This past week marks the unofficial end of the “fall season” of Video Game releases. Technically the season isn’t over, there’s still another Zelda game coming out before the end of the year if you care about those kind of games. Now that Left 4 Dead 2 and Assassin’s Creed 2 are available, the next big topic of discussion is the almighty Game of the Year. Just ask twitter and you will get a wide variety of answers. As expected, we are all unique snowflakes and have tastes that do not fall into a particular mold. Following a bunch of lemmings would make for a very bland gaming community. I suppose following lemmings would also be ironic but we can get in to a discussion about conformity some other time. Let us dig a little deeper into this Game of the Year discussion and what makes us all so different.
I’m not going to get in to which game has the best graphics or best story. I might have 1000 words of space every week to talk about video games, but I wont bother to waste anyone’s time on something so subjective. However it’s that subjectivity that intrigues me. In browsing the blog section of Gamasutra I found an entry from Gabriel Lievano titled ” Designing Games Is About Matching Personalities.” As you can imagine, he went on to talk about how personalities factor in to game design and preference. “You can think of games as songs but with a slight but very important difference: music resembles a person’s emotions while games resembles a person’s personality.” It’s an interesting concept, and one that probably requires some initials after your name on a business card to come to any rational and insightful conclusions. That shouldn’t stop me from serving up a few pieces of food for thought though, right?
“This personality idea can give developers a very relevant clue about making games that appeal certain audiences.” So does this mean that the type of gamer that only plays “traditional” Role Playing Games has a different personality from the gamer who lives and breathes Real-Time Strategy games? Are developers sitting in a room thinking about the psychology of their target audience? If they aren’t, should they? I wont go so far as to say that knowing is half the battle, but I think it would be to the advantage of any business to know as much as possible about their target consumer. Knowing what these gamers likes is almost as important as what they dislike. Catering to both sides of that equation is essential to delivering a quality product.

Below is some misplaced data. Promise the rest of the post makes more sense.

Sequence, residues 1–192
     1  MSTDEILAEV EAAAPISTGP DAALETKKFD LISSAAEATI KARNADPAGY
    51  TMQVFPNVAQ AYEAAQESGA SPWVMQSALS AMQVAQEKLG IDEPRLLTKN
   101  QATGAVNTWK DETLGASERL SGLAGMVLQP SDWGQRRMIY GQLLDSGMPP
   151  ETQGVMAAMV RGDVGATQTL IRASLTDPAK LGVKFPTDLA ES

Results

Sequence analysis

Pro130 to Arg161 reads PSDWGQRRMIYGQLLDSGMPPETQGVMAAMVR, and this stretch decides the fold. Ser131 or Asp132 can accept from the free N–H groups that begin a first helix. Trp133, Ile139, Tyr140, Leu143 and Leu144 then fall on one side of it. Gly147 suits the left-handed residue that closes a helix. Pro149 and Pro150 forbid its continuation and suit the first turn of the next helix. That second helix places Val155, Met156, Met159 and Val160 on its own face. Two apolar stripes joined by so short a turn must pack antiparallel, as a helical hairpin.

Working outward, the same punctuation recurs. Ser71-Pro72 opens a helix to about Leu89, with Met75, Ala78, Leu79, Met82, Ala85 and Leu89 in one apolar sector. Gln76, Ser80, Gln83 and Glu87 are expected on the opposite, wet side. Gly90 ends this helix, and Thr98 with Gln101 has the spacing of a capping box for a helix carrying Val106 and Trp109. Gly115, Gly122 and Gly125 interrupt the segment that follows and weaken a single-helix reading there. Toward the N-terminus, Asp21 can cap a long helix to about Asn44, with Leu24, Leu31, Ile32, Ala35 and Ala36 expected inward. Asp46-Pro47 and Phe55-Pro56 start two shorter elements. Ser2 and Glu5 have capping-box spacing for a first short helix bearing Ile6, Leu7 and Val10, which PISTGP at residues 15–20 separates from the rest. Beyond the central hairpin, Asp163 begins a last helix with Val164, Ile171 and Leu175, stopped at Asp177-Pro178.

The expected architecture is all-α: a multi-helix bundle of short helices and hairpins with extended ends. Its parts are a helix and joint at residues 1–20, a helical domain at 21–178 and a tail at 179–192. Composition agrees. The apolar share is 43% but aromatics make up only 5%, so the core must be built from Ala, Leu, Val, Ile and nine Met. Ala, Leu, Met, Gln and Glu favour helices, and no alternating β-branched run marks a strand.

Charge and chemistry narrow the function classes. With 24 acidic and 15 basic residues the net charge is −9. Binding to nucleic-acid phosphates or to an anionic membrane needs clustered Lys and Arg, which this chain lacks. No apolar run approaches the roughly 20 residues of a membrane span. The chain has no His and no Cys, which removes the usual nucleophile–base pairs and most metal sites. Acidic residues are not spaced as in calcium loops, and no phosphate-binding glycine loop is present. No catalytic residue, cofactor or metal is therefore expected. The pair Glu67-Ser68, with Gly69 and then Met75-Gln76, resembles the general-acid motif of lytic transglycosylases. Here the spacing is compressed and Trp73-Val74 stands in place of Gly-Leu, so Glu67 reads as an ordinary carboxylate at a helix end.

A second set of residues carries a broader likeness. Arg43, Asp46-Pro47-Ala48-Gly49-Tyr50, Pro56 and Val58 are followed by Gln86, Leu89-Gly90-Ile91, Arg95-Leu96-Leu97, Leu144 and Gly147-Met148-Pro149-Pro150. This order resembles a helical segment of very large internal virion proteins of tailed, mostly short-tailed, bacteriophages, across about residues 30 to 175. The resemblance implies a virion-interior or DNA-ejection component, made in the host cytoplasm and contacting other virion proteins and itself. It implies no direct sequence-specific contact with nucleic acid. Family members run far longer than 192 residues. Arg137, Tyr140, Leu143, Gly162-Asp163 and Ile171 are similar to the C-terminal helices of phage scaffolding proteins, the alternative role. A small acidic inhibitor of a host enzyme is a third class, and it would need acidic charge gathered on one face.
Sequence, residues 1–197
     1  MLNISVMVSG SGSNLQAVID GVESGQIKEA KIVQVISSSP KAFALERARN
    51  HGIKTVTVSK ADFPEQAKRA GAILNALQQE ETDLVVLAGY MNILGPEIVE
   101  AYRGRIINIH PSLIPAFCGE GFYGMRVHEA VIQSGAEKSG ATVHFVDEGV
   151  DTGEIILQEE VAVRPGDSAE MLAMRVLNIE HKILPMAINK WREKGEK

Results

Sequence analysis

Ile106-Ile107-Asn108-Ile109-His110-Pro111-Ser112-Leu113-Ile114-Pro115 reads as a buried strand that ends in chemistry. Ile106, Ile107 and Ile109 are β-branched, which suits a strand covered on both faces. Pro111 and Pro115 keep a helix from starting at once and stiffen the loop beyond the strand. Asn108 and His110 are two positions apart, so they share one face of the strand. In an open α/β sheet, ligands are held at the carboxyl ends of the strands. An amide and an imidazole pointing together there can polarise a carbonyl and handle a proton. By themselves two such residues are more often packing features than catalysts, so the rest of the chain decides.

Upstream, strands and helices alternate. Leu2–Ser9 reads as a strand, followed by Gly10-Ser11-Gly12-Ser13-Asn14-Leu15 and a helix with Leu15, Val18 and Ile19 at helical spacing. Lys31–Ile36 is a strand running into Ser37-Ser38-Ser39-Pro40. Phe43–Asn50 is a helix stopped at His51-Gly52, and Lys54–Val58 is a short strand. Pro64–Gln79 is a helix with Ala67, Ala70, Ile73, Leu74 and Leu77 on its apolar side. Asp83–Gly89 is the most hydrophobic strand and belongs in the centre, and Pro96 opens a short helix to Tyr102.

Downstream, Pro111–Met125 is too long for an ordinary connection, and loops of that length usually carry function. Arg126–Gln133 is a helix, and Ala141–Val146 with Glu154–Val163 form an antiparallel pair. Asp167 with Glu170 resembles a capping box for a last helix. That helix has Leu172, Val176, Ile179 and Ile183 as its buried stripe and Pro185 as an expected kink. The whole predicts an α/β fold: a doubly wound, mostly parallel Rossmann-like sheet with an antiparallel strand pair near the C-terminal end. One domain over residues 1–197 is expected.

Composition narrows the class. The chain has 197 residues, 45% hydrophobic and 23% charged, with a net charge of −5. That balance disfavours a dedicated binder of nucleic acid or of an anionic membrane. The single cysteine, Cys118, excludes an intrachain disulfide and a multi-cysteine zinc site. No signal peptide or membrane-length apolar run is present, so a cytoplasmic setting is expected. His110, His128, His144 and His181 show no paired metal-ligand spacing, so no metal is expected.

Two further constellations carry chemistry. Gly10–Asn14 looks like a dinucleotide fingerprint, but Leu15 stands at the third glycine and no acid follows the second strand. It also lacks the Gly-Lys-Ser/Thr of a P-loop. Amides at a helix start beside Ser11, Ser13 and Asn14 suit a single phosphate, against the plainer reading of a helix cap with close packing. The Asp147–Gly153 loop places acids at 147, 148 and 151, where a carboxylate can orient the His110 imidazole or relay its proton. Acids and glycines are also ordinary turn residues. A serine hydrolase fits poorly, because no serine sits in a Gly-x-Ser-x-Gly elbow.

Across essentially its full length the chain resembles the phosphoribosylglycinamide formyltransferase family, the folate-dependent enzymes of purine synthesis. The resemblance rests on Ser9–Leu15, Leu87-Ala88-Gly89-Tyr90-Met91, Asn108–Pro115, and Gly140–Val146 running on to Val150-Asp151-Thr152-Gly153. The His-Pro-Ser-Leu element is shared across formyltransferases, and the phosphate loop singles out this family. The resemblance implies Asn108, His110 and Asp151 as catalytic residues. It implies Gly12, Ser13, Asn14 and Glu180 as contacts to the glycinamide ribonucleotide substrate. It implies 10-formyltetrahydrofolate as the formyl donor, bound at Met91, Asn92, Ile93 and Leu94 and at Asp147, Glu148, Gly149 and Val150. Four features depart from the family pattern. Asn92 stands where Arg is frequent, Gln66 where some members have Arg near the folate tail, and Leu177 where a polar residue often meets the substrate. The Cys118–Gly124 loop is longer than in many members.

“Games [are] an interactive way of entertaining, this makes it possible to directly associate a player’s objective in life with what the player is looking for a game.” This is approaching deep thought territory, but this should be nothing new to any of you. Gaming is a form of escapism. In my case, I turn on my Xbox 360 or PlayStation 3 because I need a break from reality. If I can play a game that will distract me from a miserable day of blood glucose control, them mission accomplished. Each time I turn on my system I have a specific objective I am looking to accomplish and some games are better suited to fill that need than others. And this is where all of this Game of the Year nonsense comes in to play. Whatever game did the best job of matching your emotional and psychological needs at the time of playing probably rates higher than the games that missed.
Maybe that’s why year after year Mario is always a contender for someone’s Game of the Year. The same basic formula is able to fill the same basic need we all have for pleasure and amusement. The quest for high definition particle effects is trumped by the joy of getting that next star. The 25-Kill Streak Reward is out classed by a Freeze Flower Power-up. And with all of this, there is a piece of us that connects with Miyamoto’s vision, with his personality. As hard as we might try to shield that base instinct for gratification, he is able to bring it out of us each and every year. Delivering on something that we may not initially want, but in the end are glad to have.
Call me crazy, but there must be a reason Mario still exists in a form that has seen very little change from game to game. The formula works. Psychologically there must be some part of us that is driven by the connection to what a true Mario game offers.
It feels like I’m in denial about this. I’m afraid to admit that these games are successful beyond the fact that they play on the same formula that has existed since 1985-6 (depending on your region). They are successful because they can connect with us better than Modern Warfare 2 or Left 4 Dead 2. As exciting as the story from Batman: Arkham Asylum or Uncharted 2 might have been, there is still a void. As realistic as Forza 3 can get, something is still missing. Perhaps there’s more to gaming than being a virtual rock star. I might be way off, but I think there’s something about Mario that is able to accomplish what all of these other games can’t.
Or maybe we’re all just a bunch of lemmings after all.
Here’s a link to the blog I referenced, via Gamasutra.
This post is also featured on Talking About Games.